There will be an election next year.
Barring unexpected events it’s likely to be towards the end of the year.
2008 2011 Prime Minister John Key announced the election date in February which removed one of the uncertainties.
However, even if he makes an early announcement on the date again next year, other uncertainties remain aren’t good for business.
The general election in New Zealand next year is starting to weigh on the nation’s equity market and is also likely to weaken business confidence and the exchange rate, brokerage First NZ Capital said.
The election, to be held between September and November 2014, is expected to be an extremely close result between a National-led government and a Labour/Green coalition, First NZ said in a note, citing recent political poll results.
“The potential formation of a Labour/Green coalition government is likely to weigh on the performance of the New Zealand equity market and is already starting to impact performance,” the brokerage said. “The re-election of the incumbent National-led government would likely be greeted positively by investors and give rise to a rebound in the market.”
Stocks most likely to be negatively affected by a change of government are in the energy utilities sector such as Contact Energy, Meridian Energy, MightyRiverPower and TrustPower as well as those with regulatory risk including SkyCity Entertainment Group and Chorus, First NZ said.
Those most likely to benefit from a change include exporters such as Fisher & Paykel Healthcare and Sanford which would receive an earnings boost from a lower exchange rate, while Fletcher Building and Methven would benefit from Labour/Greens housing initiatives, the brokerage said.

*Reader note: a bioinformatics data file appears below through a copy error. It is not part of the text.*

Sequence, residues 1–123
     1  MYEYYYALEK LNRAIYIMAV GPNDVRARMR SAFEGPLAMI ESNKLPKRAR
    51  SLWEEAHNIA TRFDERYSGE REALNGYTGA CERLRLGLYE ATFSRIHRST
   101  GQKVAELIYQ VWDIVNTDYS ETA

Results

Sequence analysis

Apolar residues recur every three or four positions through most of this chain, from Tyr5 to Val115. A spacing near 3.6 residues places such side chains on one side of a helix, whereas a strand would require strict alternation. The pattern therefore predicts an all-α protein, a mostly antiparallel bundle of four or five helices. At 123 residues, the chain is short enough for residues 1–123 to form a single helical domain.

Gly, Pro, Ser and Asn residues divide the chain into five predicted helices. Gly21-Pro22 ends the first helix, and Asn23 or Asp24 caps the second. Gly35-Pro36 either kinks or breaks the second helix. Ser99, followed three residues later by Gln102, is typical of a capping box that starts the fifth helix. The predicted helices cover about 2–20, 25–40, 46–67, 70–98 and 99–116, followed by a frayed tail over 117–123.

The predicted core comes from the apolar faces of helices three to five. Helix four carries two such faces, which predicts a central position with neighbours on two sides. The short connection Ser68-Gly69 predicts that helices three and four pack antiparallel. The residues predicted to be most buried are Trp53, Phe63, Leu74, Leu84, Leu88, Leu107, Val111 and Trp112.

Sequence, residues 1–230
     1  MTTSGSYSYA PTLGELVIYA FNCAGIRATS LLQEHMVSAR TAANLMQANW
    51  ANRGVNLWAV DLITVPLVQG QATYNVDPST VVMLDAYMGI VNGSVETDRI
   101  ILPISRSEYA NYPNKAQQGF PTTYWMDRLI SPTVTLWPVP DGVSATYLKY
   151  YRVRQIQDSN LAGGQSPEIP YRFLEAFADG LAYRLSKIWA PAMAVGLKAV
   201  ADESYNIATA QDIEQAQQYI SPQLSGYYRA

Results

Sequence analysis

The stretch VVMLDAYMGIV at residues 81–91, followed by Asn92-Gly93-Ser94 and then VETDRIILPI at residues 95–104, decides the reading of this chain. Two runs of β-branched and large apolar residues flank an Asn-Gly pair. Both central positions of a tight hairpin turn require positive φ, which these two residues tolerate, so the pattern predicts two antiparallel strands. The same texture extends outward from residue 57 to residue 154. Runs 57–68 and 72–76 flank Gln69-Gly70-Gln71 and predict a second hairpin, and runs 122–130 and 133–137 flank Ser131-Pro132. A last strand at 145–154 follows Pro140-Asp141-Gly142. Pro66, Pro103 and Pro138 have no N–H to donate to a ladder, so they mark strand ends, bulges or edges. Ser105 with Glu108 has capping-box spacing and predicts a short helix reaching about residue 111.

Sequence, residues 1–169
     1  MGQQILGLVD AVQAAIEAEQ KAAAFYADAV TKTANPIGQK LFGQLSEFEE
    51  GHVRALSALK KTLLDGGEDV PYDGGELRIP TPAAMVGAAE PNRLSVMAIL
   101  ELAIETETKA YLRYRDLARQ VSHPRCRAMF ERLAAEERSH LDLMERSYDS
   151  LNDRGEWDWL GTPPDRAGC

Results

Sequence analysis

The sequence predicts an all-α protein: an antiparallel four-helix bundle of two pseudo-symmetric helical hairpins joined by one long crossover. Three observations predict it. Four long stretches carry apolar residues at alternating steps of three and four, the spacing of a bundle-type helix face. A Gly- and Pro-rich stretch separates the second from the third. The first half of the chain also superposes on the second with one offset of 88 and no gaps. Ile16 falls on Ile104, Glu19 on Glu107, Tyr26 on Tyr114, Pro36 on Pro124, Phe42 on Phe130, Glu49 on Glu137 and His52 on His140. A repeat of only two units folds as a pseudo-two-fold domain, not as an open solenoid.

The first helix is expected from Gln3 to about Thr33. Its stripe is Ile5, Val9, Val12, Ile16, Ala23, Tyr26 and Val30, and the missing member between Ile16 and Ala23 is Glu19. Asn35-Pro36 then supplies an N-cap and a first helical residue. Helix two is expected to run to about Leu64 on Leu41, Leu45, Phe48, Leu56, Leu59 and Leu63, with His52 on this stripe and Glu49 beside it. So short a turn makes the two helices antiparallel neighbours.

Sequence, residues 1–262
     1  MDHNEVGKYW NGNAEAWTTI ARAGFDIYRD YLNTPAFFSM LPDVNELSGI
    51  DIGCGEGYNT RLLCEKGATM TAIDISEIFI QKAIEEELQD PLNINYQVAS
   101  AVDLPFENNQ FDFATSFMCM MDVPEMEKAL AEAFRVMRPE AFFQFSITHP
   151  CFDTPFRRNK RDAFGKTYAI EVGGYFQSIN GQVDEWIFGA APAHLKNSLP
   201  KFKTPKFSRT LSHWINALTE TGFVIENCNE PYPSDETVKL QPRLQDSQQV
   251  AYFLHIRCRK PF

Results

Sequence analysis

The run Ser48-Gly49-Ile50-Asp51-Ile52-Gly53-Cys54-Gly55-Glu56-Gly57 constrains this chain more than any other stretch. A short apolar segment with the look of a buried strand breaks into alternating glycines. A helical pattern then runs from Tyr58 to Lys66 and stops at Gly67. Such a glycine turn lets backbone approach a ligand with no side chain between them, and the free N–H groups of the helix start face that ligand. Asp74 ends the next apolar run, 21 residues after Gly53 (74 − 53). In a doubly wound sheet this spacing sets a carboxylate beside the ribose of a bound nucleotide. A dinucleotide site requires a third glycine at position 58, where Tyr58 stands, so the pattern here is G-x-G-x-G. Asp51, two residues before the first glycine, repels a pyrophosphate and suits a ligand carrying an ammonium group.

That’s a very shallow analysis.
A lower dollar would help give higher export returns but it also pushes up costs of imports including fuel, machinery and raw materials.
It would also make the cost of repaying foreign debt higher and put pressure on wages.
Another very big risk from a change in government is more and higher taxes and less flexible employment law.
All of that would feed inflation which and push up interest rates which would add to the cost of doing business and impact on competitiveness.
It’s not just business which faces uncertainty next year.
The CEO of a charity which receives contracts from a ministry said that election year always makes life difficult as there is growing reluctance from government departments to make decisions when a change in government could result in significant policy changes.
This election year uncertainty is a strong argument for a four-year parliamentary term.
There would still be the costs and constraints of elections, but there would be one more year in each election cycle without them.